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I've neer baked anything on the trail before, not even myself ;) I am definitely going to try this next time! Thanks for sharing, Trout!

10:26 a.m. on August 19, 2011 (EDT)
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Guyz said:

Robby, you only need a thick piece of foil (like a pie or baking pan that's made from heavy foil.)  Cut out just larger than your pot because you need to bend the corners down for legs: about 1/2 to 3/4 inch. You need some clearance for your water to boil & steam under it.  Punch holes (1/8") about  every 1/4 to 1/2 inch on the plate bottom. I use a nail. I just carry mine in the cook pot upside down on the bottom.  If it gets trashed, no big deal. You don't need heavy duty. Or I don't anyway;)

When ever my company has a sales meeting, they usually cater from Podner's BBQ and I grab the serving pans after.  I get source material for making wind screens and steaming plates for the scouts in our troop.

 I had thought that may work. Podner's? Do you live in Baton Rouge?

8:26 a.m. on August 20, 2011 (EDT)
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Near Shreveport.  When I'm not with the scouts, I usually solo.  Might work out to meet at a trail head some time.

6:05 p.m. on August 20, 2011 (EDT)
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Always open to that idea. I get up to the Backbone trail a couple of times a year, and I am starting to form up a plan to do the Wild Azelea trail in December. Several of us from around the South meet up at Lake Faussee State Park every Halloween weekend for what we call Halloween on the Bayou. We car camp for that one with a little hiking, a little kayaking, a lot of food and some drinks. You should come down and hang with us.

6:44 p.m. on August 20, 2011 (EDT)
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Yes, I have used Silicon oven mitts before, they withstand high temps and still feel cool inside.

Those baking cups with feet are cute, what store did you find them in?

4:55 p.m. on August 21, 2011 (EDT)
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GaryPalmer said:

 

Just seems like something besides the produce bag could be used to bake the bread in?  Like a oiled inner pan?

Ever make dumplings on top of stew in the field? You just make the batter for them, Then spoon it over the top of the stew or chili jus before its cooked and let them steam bake. They come out with the flavor of the stew.

 I do use an inner pan sometimes Gary, oiled and preheated. It seems to produce a crispier bottom, especially biscuits but sometimes too much steam settled on the top of the bread and it stayed doughy. I think a lid that was vented better would help.

I also use turkey roasting bags and produce bags. One of the reasons I started using bags was because it is easier to clean up afterwards and it gives me a way to re-use the produce bags.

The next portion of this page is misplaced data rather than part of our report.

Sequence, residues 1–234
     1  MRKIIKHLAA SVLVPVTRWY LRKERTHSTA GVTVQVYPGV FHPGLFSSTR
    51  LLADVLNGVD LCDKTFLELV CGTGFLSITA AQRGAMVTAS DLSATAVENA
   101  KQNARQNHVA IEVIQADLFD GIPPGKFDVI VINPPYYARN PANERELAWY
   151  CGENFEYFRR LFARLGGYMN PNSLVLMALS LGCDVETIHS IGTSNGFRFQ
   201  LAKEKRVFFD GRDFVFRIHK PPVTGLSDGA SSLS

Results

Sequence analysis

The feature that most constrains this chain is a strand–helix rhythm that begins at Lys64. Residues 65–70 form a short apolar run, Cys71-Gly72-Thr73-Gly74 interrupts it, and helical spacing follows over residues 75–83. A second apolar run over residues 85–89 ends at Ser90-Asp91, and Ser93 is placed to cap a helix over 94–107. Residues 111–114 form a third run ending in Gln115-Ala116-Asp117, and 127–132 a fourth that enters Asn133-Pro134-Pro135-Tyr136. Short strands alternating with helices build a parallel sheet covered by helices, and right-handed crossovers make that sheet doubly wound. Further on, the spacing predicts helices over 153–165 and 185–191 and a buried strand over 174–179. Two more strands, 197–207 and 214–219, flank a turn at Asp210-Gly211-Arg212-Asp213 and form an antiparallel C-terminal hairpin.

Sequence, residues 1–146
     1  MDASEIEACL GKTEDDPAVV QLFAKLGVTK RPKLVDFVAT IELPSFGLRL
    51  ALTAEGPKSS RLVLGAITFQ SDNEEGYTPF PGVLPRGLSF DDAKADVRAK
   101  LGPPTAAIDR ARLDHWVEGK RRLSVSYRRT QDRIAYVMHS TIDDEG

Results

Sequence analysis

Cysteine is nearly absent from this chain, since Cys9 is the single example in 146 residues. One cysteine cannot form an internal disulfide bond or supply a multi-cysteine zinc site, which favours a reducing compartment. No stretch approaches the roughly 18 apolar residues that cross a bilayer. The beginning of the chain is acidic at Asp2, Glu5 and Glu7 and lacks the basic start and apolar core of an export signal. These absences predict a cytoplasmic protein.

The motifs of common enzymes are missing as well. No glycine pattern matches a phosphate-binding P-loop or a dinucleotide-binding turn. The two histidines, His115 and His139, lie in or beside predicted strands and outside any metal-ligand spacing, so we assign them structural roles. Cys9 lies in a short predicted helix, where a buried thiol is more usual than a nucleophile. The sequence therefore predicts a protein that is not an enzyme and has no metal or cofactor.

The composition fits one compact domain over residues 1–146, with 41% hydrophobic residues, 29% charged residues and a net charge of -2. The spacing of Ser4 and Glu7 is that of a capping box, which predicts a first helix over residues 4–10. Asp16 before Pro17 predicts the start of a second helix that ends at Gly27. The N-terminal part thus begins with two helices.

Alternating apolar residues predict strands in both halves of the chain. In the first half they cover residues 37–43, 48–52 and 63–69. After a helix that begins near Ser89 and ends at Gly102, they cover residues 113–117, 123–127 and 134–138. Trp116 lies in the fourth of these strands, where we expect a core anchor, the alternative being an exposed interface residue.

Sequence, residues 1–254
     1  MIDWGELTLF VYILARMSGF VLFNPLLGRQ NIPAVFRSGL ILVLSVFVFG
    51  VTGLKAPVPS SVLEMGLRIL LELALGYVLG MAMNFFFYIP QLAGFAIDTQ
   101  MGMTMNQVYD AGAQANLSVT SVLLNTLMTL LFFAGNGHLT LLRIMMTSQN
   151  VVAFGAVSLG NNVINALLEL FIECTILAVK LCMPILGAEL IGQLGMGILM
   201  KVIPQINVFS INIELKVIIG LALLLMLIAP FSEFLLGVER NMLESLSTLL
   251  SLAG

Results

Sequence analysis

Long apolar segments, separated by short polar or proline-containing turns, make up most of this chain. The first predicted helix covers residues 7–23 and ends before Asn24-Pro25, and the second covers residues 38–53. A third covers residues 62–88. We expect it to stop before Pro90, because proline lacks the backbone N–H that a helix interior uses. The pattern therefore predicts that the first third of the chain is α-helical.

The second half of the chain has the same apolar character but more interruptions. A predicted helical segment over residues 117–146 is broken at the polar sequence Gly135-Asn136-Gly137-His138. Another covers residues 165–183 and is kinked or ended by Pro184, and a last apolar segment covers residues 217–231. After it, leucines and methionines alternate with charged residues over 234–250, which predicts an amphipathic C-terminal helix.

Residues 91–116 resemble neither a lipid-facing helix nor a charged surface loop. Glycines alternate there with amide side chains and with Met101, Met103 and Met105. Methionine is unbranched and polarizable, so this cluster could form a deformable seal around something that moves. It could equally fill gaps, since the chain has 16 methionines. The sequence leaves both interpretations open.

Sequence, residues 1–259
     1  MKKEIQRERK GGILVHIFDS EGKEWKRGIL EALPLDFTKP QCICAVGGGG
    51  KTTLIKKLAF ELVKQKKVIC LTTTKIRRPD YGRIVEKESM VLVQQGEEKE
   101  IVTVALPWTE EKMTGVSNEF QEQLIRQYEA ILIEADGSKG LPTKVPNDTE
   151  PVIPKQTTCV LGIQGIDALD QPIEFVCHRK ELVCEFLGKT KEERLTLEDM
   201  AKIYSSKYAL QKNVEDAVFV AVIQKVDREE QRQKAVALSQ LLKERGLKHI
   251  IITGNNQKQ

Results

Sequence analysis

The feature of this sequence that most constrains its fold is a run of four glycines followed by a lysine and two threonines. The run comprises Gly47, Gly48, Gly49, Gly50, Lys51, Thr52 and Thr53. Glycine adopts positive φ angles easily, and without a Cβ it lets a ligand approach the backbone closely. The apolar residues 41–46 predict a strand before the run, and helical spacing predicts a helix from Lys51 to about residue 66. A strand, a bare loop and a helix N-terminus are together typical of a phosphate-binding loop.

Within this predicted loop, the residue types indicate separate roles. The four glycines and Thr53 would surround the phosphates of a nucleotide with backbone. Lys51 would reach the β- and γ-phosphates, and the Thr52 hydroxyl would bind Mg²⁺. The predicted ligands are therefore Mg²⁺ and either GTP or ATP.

I have not tried making dumplings in the field Gary, chicken & dumplings is one of my favorite cold weather meals. I will try it the way you describe sometime, good idea.

4:59 p.m. on August 21, 2011 (EDT)
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TheRambler said:

I use, recommend, and really like: Silly feet, almost every grocery store/walmart/target etc i have ever been in has them. They are silicon muffin cups that have feet. Work like a champ for steam baking and clean super easily. Just fill pot with water to cover the feet, put on lid and steam bake away.

51neAC4esrL._SL500_AA300_.jpg

 That's cool. I've not seen those before. I have seen the silicone bowls and would use one if I could find one that would hold a full bag of muffin mix at one time.

The silly feet would be great for individual portions.

What kind of (size) pot do you use and how many of these will fit inside?

9:27 p.m. on August 21, 2011 (EDT)
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I use a Snowpeak trek 900, and 1 will fit in it perfect, 2 if you squeeze em in.

If i am going out where i want to steam bake things for a few people i bring my 2L MSR alpine ss pot and all 4 fit in with room to spare.

I see these in grocery stores all the time with all the other baking needs stuff where all the muffin cups etc are. Seen them in walmart and target before also. You can buy them online too off amazon.

Just cover the feet with water and steam bake! Clean up is a breeze as nothing sticks or burns onto them.

1:32 a.m. on August 22, 2011 (EDT)
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Great idea!  I have seen a few of Tiny's video but had no idea how many he had out there! 

I am going to have to try this out.  Any reason the wax paper muffin cups would not work?  I think I would be able to do 4 in my pan and it would be fairly tight to keep them from opening up.  I guess I would have to split up the mix to different bags. 

Yea I really got to try this out.  :)

Wolfman

8:14 a.m. on August 22, 2011 (EDT)
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Wolfman said;

I am going to have to try this out.  Any reason the wax paper muffin cups would not work?  I think I would be able to do 4 in my pan and it would be fairly tight to keep them from opening up.  I guess I would have to split up the mix to different bags. 

Try it.  Let us know what happens.

5:59 p.m. on August 22, 2011 (EDT)
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TheRambler said:

I use a Snowpeak trek 900, and 1 will fit in it perfect, 2 if you squeeze em in.

If i am going out where i want to steam bake things for a few people i bring my 2L MSR alpine ss pot and all 4 fit in with room to spare.

 Thanks,

I have the same pots myself.

My first real pot set was the MSR Alpine set. Heavy but tough.